Just to offer the most obvious solution, having an antenna outside that isn't coupling into the house wiring (as much) can resolve this as well.  As an added bonus, it will probably work better too.  Domestic complications aside, running an indoor antenna and addressing RFI is akin to standing in a swimming pool and complaining about the rain.  I get that sometimes compromise includes deference to the contending party but physics doesn't abide by that covenant.  Point being, it might be easier and more straightforward to work out an outside antenna than isolating affected equipment.  It's just a wire in the yard.

Mark K5LXP
Albuquerque, NM
 
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N0CRN
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« Reply #8 on: April 20, 2019, 05:46:14 PM »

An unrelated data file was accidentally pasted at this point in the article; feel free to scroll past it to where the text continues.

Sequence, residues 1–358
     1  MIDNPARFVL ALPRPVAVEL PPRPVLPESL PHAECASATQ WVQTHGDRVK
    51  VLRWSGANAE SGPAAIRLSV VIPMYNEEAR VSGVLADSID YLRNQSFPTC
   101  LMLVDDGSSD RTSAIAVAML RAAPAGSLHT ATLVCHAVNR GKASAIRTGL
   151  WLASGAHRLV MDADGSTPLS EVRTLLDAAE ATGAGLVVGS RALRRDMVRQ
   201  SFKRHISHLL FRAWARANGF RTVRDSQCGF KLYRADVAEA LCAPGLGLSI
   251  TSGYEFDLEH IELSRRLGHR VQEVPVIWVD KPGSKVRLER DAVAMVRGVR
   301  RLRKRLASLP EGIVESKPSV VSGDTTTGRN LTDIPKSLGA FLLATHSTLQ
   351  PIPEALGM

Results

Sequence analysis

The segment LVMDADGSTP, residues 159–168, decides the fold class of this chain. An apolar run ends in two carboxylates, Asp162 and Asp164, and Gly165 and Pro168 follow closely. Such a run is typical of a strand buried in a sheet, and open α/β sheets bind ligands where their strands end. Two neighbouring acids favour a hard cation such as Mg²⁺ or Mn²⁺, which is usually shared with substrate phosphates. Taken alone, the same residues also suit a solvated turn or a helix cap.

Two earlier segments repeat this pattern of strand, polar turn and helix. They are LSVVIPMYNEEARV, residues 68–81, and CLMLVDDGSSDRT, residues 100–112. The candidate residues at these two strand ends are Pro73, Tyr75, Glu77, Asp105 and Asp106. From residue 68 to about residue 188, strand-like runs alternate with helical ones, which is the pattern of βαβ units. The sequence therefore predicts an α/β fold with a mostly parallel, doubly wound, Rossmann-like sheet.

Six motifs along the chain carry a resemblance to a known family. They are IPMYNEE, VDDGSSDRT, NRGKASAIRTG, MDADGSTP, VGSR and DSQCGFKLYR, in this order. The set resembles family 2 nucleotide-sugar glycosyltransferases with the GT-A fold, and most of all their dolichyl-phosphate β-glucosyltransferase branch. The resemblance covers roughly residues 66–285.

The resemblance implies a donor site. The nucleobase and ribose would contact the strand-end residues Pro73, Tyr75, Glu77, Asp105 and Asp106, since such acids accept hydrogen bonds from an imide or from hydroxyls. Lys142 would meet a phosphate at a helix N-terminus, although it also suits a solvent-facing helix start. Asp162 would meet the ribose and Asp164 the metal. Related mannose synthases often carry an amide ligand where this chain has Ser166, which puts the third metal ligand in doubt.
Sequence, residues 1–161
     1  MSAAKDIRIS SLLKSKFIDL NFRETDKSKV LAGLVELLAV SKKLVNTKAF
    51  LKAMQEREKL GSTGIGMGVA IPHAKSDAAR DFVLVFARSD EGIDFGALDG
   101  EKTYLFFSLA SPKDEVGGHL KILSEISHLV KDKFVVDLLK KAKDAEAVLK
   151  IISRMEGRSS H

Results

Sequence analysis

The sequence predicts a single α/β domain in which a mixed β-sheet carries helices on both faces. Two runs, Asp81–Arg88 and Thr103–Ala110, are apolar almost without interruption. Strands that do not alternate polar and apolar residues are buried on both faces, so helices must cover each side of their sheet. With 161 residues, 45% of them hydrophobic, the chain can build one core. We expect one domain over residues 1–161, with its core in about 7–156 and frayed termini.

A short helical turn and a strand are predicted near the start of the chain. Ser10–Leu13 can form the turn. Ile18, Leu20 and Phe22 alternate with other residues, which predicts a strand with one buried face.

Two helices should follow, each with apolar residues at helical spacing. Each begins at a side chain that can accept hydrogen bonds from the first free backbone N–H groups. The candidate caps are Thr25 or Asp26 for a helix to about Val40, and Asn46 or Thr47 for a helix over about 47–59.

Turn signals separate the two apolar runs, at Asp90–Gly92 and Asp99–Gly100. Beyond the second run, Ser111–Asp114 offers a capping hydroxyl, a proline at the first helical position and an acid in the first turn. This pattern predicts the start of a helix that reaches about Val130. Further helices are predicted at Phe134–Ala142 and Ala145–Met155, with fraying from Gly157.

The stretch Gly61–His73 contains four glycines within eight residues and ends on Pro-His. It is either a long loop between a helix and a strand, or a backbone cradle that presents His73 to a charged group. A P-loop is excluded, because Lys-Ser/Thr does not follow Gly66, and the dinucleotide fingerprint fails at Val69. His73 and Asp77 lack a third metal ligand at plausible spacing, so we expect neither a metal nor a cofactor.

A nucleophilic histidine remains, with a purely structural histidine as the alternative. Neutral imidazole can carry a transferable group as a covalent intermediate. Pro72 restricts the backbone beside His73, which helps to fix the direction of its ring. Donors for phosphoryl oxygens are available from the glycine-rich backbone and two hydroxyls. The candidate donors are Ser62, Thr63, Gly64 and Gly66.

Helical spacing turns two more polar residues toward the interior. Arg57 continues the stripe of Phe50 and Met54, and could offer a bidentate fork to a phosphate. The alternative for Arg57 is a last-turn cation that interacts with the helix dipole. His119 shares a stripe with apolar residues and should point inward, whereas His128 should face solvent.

Then I would recommend type 31 ferrite on the thermostat wire close to the HVAC unit. Try to put a couple of turns through the center of the core. If the wire doesn't have slack, then clamp on 3 or 4 cores. You don't need cores with a large diameter. Pick type 31 cores that work with your wire and have the highest impedance (see the Fair Rite catalog).


Thanks, that did the trick!   I put ferrite cores around the lines for the thermostat, the 120 VAC, and to the compressor outside.  To be sure, I also put one around the line next to the compressor.

I still need to experiment with higher (than 10W) power levels, but that solves my problem for the FT8 mode.
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N0CRN